Conflict Management- Understanding The Process

Essential to understanding conflict management is gaining an understanding and becoming familiar with its process. This article discusses an example of a workplace conflict and the stages through which it transitions. It is every employee’s responsibility to raise awareness and report inappropriate behavior when it starts, instead of waiting until it becomes a major problem.

The example:

Employee John has recently learned that he has not been selected for an expected promotion. As a result, John shows irritability in the workplace, becomes isolated, and is seen as slightly argumentative and rude to fellow employees. Over a few days or even weeks, John’s behavior becomes increasingly unfriendly, though not yet to the point where it would be considered aggressive or violent. Although a number of his coworkers acknowledge that John has changed and is obviously upset about the decision that was made, the communication regarding his behavior has only risen to the level of “water cooler” talk. HR has not been notified at this point. Most everyone in John’s day-to-day work group continues to go about their activities, while doing their best to avoid interaction with John whenever possible.

Conflict Management – When Should It Start?

Unfortunately, most organizations fail to intervene at this stage. Employees talk amongst themselves, but not to John, and also failing to involve employees who exist to provide help in these very situations. More often than not, individuals don’t want to “rock the boat” or “snitch” on a fellow employee. Information is known prior to incidents occurring, but no one wants to get involved for fear of retaliation or concern that they will potentially hurt John’s career. No one wants to cause further aggravation, possibly believing that all John needs is “time to get over it.” However, this is not what John needs. When someone who is normally positive, happy, and enjoyable to work with suddenly or gradually becomes negative, rude, or unusually different, persons who notice should call it into question. Similar to the “see something, say something” concept. Conflict management is not only something that happens after a crisis, it is managing conflict prior to it occurring.

In the scenario, John has continued to have feelings of frustration, anger, and disappointment about the missed promotion. Additionally, he recently found out his wife is pregnant with their third child. He was counting on the promotion, as the extra money had gone from being “extra” to essential. John feels more and more pressure at home, and finds himself truly struggling to maintain a positive outlook about the future. His feelings build to the point where he is overreacting to little things and is having problems in all areas of life, not only at work.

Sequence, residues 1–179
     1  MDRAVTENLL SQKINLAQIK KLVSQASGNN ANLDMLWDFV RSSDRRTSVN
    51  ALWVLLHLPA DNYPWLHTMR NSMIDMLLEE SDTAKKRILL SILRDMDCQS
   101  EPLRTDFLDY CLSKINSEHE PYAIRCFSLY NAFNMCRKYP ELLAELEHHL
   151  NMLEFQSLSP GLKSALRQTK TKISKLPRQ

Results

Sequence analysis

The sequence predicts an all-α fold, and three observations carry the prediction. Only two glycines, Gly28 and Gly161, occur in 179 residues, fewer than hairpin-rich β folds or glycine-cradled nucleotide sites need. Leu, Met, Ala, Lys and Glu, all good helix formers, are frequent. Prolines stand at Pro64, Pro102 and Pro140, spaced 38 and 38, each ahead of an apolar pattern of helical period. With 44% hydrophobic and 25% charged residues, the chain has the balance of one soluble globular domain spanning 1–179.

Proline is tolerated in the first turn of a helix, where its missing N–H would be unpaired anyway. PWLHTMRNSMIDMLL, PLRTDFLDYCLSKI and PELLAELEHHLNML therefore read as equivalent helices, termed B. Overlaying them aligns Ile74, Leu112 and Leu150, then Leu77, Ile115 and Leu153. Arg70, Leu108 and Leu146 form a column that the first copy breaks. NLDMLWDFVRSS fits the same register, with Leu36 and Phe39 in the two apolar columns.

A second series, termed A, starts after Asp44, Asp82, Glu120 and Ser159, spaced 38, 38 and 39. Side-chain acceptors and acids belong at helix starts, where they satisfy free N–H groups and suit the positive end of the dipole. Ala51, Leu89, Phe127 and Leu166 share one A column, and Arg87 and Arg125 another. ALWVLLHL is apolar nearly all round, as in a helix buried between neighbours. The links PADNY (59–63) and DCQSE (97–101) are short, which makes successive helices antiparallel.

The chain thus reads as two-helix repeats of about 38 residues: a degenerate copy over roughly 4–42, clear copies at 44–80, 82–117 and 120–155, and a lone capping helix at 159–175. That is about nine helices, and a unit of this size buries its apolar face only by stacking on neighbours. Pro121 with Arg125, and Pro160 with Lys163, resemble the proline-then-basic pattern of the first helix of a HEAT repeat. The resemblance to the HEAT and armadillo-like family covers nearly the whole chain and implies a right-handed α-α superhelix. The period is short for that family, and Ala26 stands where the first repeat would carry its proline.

John’s fellow employees notice his increasing hostility and argumentative nature. His behavior has escalated to where it is making it impossible for co-workers to handle his outbursts. HR and his supervisor are aware of his behavior and call him in for a meeting. John is on the defensive and fails to be asked what may be wrong, but instead is told about how his behavior is unacceptable in the workplace and his coworkers are concerned. The meeting has a punitive tone vs. a supportive effort and results in John being placed on probation with a performance improvement plan. Although this would be considered appropriate for his demonstrated behavior, HR and management failed to recognize or gain insight into the underlying issues, having only dealt with the external behavior. John leaves the meeting more agitated than when he entered. He is now fearful of losing his job completely. He also feels betrayed; angry that his coworkers failed to come to him first instead of going straight to management.

Conflict management is a tool that begins with every employee. Effective conflict resolution training teaches essential skills and techniques for employees to use early on during conflict, so they become valuable partners to HR and management prior to situations escalating out of control. In today’s workplaces, acts of violence and hostility are becoming far too common. Seeking to train a workforce to better recognize problems early on and enhance communication between coworkers is a great place to start.

The example scenario in this article can play out a number of ways. John may continue to escalate and lead him to behaving in a violent and harmful way towards others. John may turn all his anger and emotion inward and continue to spiral downward into depression, substance abuse, or similar self-harming behaviors. All of these potentially harmful scenarios are preventable. Use of an effective conflict management plan, combined with progressive and realistic crisis intervention training for employees, is part of that process.

Want more information? Contact us today and find out how our training can benefit your organization.